The two-way mirror of student surveillance

The Skoolbag app, a ground-breaking school-parent communication tool, provides parents with information on school notices, school contact information, timetables, absences and parent contact details.

However, the Australian Privacy Commission has voiced concern that the “mountains of data” being collected by the app run the risk of being open to abuse.

Also sharing this concern is Civil Liberties Australia, which has called on school authorities throughout Australia to undertake proper privacy and security assessments.

"We support proper use of new technology, but this development has inherent dangers which should be evaluated by schools, their governing bodies, and parents," a spokesman for the group said.

Parent Francine Wright, told she was not worried about any privacy issues.

"People give out more information when they throw stuff in the rubbish bin or other places online. I use it more for getting information out of it than putting it in," Wright said.

Wright called the app a helpful resource for first-time parents who wanted to keep track of timetables and events at their child’s school.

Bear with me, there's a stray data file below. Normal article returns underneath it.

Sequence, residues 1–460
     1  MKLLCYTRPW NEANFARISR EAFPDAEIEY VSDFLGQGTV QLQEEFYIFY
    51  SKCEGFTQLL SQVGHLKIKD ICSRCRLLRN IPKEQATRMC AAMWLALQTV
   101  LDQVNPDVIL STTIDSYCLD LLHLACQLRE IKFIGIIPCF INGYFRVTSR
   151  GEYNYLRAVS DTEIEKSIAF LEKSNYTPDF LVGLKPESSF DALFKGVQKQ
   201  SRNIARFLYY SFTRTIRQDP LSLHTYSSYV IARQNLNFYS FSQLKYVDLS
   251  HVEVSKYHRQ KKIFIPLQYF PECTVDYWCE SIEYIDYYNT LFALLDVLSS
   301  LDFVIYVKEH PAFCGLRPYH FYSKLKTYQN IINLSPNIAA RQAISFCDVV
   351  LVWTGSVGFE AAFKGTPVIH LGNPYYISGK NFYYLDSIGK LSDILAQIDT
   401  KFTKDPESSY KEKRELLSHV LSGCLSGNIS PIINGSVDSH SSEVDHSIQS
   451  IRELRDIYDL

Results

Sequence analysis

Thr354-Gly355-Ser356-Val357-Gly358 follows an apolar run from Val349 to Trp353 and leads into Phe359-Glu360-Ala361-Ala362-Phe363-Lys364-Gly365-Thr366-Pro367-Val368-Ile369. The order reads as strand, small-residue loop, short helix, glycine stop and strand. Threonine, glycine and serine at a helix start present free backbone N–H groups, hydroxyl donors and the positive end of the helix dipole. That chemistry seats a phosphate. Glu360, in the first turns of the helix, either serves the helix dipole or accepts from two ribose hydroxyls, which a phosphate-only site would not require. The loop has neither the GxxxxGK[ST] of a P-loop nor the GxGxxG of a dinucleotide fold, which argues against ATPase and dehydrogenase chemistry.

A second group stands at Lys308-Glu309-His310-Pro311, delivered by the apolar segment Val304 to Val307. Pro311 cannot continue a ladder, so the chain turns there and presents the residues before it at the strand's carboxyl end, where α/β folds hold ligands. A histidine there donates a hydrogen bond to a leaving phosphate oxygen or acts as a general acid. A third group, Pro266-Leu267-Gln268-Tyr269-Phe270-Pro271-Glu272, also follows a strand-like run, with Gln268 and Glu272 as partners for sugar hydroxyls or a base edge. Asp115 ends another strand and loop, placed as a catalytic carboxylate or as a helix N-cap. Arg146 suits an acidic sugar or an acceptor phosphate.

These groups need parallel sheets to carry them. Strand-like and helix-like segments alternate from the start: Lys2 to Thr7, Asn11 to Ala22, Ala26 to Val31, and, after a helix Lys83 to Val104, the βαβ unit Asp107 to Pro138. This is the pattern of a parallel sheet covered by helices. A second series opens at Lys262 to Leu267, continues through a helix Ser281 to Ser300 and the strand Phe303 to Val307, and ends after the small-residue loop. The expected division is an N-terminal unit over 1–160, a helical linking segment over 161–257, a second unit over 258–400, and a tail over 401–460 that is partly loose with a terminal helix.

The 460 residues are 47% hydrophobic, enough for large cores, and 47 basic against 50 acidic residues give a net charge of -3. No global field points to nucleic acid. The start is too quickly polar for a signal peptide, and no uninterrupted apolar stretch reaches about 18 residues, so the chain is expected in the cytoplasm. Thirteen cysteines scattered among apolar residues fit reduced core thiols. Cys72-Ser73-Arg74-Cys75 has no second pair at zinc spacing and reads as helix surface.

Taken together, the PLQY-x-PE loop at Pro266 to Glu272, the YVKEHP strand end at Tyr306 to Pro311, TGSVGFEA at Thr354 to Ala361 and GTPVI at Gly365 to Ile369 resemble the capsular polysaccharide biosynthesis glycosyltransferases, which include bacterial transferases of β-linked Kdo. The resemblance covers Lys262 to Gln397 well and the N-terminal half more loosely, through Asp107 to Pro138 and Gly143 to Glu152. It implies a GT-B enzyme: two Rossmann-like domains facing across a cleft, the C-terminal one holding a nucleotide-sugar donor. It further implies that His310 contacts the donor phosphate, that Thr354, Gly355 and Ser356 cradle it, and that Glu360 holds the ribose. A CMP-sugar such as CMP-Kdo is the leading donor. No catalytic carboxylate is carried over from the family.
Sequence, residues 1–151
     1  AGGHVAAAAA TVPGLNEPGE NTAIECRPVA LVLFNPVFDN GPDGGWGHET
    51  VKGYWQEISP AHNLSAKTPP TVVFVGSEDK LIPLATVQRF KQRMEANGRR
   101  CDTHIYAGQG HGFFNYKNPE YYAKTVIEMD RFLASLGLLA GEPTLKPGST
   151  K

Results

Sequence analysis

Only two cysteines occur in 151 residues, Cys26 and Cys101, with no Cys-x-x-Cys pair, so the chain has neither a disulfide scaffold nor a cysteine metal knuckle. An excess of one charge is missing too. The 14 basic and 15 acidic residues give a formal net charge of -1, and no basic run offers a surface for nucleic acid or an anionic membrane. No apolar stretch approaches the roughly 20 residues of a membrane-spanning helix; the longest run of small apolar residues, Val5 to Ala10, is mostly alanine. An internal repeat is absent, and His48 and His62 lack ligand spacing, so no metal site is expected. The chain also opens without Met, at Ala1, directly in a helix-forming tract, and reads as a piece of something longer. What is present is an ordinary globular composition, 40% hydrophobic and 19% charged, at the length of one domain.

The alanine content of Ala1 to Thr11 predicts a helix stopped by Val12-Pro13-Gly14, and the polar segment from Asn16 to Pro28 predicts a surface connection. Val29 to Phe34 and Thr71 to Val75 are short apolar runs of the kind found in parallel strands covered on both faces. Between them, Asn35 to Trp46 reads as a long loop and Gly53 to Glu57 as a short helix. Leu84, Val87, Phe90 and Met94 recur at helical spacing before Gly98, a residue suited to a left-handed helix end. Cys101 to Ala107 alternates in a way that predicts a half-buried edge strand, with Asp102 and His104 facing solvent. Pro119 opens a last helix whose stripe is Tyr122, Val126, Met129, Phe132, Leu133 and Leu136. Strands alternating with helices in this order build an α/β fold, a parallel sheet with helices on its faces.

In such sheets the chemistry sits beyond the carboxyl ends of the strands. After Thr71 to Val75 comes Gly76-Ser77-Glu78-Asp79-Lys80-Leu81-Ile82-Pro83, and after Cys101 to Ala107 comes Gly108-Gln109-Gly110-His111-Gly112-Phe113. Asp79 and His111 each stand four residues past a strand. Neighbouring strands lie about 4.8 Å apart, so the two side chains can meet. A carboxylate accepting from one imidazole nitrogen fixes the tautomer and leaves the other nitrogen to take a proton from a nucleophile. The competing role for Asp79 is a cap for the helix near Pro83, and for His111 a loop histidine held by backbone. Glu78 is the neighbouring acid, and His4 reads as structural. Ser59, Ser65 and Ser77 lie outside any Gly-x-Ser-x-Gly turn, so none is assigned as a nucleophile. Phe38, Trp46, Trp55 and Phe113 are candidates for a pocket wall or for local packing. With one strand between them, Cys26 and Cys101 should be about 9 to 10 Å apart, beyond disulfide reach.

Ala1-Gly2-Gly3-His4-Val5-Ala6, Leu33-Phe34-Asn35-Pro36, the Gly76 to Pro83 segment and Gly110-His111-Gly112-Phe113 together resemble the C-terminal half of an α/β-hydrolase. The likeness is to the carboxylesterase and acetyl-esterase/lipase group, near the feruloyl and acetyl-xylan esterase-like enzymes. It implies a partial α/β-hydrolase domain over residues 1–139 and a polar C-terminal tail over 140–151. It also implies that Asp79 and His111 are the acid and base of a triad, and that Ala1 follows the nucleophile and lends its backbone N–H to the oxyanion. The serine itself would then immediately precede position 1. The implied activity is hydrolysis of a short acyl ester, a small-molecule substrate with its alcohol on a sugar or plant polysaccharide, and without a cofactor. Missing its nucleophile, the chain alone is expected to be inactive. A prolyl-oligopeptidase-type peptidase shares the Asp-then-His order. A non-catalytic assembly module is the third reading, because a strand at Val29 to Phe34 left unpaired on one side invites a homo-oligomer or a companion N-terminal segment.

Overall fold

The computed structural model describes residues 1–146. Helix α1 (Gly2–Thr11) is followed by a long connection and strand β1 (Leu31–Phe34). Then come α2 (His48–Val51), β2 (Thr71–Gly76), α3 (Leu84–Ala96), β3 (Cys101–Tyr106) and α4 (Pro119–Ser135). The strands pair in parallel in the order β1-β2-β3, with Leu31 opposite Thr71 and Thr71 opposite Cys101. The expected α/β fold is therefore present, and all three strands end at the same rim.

While this kind of monitoring technology can also cast a watchful and protective eye over children at a time when child safety concerns are high, there are concerns about surveillance overkill and the psychological effects it can have on children.
Child psychologist and managing director of the Young and Well ­Co-operative Research Centre, Dr Michael Carr-Gregg, told The Daily Telegraph that too much “surveillance” can stunt the growth of a child’s identity.

“This trend is extremely worrying as a key developmental task of childhood is emancipation from adult ­carers,” Carr-Gregg said.

“They need time away from adult carers and develop a separate identity.

“This sort of perpetual parental surveillance cannot only retard this process — infantilising the child in the process, but it can also give the child the impression that the world is such a terrifying and scary place that they need to be constantly watched.”

Partners should spend quality time together and invest in their own wellbeing through healthy exercise, a good diet and quality sleep – not spend time away from their children remotely listening or watching them, Carr-Gregg said.

Still, the app continues to gain popularity as child safety concerns remain a top priority of schools and parents alike.

Skoolbag is currently used by 2,000 schools across Australia and New Zealand.